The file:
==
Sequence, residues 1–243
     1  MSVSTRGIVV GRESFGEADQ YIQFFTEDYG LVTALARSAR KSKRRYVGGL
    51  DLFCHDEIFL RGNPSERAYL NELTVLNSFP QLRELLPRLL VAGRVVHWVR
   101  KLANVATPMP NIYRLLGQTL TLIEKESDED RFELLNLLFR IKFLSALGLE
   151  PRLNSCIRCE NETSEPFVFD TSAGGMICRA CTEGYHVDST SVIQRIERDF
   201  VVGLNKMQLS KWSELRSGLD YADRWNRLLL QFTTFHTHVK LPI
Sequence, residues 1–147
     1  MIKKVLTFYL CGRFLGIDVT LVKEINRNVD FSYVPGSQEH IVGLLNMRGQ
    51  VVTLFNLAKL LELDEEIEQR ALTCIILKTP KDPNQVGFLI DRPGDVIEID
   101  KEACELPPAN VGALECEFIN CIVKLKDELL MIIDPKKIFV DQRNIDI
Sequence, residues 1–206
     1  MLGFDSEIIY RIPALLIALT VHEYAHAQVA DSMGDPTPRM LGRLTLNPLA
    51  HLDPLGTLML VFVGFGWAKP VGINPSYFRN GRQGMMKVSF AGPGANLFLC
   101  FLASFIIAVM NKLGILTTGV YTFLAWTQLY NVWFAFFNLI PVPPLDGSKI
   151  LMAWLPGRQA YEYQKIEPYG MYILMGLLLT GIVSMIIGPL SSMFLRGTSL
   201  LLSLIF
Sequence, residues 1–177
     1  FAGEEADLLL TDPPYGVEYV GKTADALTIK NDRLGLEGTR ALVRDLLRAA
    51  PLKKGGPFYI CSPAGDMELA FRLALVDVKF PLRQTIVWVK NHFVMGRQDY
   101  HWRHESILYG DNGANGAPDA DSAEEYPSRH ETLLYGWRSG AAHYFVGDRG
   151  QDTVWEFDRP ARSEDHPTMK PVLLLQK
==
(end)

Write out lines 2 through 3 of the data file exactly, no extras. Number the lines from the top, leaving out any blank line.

     1  MSVSTRGIVV GRESFGEADQ YIQFFTEDYG LVTALARSAR KSKRRYVGGL
    51  DLFCHDEIFL RGNPSERAYL NELTVLNSFP QLRELLPRLL VAGRVVHWVR